Background: One of the practical models for the assessment of stressful working conditions due
to job strain is job demand and control model, which explains how physical and psychological
adverse consequences, including cardiovascular risk factors can be established due to high
work demands (the amount of workload, in addition to time limitations to complete that work)
and low control of the worker on his/her work (lack of decision making) in the workplace. The
aim of this study was to investigate how certain cardiovascular risk factors (including body mass
index [BMI], heart rate, blood pressure, cholesterol and smoking) and the job demand and
job control are related to each other. Materials and Methods: This prospective cohort study
was conducted on 500 workers of the petrochemical industry in south of Iran, 2009. The study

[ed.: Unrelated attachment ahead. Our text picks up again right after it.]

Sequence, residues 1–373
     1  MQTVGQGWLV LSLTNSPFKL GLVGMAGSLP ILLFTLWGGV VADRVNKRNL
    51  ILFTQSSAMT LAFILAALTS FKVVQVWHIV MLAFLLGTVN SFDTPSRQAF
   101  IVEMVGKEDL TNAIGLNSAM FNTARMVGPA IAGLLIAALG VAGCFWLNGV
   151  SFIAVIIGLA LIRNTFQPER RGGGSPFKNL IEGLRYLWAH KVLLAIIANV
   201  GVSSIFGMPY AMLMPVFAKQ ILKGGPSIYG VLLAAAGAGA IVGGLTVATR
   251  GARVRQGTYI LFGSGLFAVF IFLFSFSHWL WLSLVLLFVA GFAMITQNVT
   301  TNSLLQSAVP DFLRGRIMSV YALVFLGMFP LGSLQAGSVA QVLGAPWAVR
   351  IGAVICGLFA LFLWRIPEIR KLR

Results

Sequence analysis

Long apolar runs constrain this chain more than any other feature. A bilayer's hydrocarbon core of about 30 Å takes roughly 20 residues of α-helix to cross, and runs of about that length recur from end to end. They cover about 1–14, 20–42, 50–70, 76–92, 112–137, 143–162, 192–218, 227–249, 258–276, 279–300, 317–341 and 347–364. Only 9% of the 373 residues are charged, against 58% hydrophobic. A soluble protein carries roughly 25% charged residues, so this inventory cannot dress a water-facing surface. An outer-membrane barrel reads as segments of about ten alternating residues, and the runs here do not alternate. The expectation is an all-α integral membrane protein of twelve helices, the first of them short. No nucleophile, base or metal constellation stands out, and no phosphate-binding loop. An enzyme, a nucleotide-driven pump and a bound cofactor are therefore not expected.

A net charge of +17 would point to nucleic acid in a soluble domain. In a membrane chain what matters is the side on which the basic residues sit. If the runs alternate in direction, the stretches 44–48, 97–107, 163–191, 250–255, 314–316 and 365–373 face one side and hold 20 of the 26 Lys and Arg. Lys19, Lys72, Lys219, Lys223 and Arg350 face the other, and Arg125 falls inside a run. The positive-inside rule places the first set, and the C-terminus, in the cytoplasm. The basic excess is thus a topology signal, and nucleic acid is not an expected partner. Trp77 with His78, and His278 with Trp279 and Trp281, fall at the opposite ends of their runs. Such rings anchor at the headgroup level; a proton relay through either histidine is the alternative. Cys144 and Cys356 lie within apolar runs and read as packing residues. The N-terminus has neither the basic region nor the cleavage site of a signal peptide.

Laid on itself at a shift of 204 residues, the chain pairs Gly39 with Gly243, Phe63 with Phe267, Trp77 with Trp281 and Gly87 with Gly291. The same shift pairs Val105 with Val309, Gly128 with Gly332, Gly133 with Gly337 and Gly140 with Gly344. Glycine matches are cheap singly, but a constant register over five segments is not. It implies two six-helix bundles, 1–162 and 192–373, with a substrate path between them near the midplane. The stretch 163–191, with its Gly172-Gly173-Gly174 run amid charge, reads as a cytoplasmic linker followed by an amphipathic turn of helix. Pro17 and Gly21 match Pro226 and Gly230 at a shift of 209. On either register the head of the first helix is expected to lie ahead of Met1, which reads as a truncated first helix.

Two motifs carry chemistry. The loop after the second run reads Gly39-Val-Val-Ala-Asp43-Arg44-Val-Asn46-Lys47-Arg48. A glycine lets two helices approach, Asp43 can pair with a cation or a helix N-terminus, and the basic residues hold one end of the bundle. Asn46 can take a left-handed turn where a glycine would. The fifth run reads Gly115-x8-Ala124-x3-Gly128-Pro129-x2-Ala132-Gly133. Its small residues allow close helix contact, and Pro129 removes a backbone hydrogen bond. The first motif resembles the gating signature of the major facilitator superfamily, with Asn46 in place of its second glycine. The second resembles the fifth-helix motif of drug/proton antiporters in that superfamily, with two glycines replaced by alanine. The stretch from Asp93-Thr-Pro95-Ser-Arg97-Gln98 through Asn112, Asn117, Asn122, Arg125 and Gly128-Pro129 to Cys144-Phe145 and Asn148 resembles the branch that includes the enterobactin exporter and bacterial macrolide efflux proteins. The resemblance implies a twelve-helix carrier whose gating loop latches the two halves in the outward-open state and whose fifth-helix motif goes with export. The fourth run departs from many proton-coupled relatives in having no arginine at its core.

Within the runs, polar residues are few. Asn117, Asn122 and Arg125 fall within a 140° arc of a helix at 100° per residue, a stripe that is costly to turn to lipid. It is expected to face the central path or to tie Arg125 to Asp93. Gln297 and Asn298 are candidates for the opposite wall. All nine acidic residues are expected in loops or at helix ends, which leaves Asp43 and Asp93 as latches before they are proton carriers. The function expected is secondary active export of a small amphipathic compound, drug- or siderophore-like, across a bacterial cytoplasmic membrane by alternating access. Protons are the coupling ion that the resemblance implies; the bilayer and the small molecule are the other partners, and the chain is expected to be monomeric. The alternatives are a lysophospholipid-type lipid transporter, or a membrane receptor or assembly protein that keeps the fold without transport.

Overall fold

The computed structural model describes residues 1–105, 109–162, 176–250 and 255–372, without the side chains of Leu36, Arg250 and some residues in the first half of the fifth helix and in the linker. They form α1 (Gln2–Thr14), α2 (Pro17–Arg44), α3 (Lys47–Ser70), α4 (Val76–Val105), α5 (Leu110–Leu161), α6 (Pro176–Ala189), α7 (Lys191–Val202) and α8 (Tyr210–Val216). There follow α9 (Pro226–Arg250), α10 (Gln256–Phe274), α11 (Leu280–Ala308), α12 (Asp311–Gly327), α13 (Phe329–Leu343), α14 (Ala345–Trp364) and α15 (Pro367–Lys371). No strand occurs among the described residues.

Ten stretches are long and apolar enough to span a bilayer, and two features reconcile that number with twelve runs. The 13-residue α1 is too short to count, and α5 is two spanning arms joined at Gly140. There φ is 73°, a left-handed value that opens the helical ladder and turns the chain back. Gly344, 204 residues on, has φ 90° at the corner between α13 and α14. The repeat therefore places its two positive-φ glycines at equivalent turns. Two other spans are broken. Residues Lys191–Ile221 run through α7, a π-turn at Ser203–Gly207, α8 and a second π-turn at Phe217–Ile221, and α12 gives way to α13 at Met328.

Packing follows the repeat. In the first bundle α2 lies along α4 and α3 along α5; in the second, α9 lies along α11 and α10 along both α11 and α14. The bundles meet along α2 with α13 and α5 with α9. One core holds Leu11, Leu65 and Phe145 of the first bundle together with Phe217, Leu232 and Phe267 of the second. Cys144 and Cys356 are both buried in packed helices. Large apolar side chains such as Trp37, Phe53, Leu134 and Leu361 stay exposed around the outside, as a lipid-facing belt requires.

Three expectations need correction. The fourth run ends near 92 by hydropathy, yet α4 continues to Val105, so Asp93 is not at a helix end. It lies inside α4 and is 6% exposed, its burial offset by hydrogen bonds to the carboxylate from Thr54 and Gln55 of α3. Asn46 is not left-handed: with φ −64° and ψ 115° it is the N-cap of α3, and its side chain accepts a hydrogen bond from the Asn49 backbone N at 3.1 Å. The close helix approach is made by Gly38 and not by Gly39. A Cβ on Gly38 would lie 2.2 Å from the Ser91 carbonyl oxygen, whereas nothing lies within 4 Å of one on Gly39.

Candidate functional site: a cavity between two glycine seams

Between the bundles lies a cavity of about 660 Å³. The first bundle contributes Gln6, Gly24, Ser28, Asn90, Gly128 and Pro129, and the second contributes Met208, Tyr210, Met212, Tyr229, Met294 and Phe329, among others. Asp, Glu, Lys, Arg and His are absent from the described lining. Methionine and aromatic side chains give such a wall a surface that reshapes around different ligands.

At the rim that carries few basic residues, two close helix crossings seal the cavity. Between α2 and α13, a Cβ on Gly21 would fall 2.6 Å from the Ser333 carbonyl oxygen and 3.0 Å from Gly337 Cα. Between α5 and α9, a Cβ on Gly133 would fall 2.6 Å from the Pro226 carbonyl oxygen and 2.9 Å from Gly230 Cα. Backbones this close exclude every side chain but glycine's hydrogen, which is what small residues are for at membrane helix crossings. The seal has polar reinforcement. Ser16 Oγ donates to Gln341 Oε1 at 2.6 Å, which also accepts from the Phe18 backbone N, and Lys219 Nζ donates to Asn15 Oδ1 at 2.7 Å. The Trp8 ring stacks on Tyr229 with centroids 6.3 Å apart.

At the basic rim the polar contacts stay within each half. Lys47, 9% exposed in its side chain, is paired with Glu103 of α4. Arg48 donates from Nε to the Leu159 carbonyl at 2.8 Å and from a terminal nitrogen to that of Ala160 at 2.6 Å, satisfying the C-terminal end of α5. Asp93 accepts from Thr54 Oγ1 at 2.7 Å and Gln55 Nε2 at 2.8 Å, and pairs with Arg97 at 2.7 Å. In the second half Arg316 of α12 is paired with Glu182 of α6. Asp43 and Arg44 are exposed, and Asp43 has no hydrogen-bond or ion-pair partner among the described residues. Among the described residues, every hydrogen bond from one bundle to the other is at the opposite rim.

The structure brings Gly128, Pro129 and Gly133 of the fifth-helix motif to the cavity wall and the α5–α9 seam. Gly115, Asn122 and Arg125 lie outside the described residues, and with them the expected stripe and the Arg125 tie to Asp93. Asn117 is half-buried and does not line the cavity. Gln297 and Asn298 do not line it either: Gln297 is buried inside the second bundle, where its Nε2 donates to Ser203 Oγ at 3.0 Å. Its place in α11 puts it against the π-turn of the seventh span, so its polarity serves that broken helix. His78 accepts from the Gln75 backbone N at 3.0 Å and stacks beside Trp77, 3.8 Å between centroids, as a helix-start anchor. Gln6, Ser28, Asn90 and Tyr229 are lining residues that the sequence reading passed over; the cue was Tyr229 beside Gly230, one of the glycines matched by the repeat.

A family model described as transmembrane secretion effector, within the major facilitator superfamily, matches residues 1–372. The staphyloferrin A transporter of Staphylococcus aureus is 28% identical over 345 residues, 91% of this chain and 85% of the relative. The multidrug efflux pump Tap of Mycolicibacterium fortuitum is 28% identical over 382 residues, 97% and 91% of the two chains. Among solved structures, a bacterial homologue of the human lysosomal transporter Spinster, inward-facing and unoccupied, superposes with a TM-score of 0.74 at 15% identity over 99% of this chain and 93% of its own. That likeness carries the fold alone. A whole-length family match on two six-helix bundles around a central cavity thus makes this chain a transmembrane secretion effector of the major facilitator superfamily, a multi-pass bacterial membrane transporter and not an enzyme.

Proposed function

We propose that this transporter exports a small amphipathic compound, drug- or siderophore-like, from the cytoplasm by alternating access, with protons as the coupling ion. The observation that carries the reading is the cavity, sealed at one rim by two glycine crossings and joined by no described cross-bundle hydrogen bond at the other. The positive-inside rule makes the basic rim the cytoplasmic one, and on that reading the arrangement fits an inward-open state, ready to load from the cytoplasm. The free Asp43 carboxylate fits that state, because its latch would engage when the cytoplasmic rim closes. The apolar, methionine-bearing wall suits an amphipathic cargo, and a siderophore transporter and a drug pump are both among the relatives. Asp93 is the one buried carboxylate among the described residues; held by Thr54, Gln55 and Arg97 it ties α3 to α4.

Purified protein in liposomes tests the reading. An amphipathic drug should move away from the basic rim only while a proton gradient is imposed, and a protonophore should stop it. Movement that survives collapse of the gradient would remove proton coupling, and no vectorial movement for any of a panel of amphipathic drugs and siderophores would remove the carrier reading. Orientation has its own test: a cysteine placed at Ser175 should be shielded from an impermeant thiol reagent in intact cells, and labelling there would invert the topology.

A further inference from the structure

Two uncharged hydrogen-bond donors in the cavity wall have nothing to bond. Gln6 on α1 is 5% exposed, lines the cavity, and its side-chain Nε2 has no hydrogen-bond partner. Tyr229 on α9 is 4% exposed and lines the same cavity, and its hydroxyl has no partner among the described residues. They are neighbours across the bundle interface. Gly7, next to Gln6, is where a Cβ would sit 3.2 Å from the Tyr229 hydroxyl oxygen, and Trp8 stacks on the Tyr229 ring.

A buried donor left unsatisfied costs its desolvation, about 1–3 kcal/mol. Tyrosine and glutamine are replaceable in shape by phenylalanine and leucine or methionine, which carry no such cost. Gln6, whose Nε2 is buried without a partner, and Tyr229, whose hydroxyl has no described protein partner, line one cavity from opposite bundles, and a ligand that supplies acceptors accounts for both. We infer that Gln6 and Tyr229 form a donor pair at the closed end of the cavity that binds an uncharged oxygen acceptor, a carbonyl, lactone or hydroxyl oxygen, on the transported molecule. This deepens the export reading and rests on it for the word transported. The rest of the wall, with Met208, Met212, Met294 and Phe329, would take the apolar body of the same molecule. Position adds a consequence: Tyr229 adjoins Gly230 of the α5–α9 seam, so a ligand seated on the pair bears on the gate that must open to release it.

population was selected using simple random statistical method. They completed job demand
and control questionnaire. The cardiovascular risk factors data was extracted from the workers
hygiene profiles. Chi‑square (2
) test and hypothesis test () were used to assess the possible
relationship between different quantified variables, individual demographic and cardiovascular
risk factors. Results: The results of this study revealed that a significant relationship can be
found between job demand control model and cardiovascular risk factors. Chi‑square test
result for the heart rate showed the highest (2 = 145.078) relationship, the corresponding
results for smoking and BMI were 2 = 85.652 and 2 = 30.941, respectively. Subsequently,
hypothesis testing results for cholesterol and hypertension was 0.469 and 0.684, respectively.
Discussion: Job strain is likely to be associated with an increased risk of cardiovascular risk
factors among male staff in a petrochemical company in Iran. The parameters illustrated in
the Job demands and control model can act as acceptable predictors for the probability of
job stress occurrence followed by showing a high trend of CVD risk factors.


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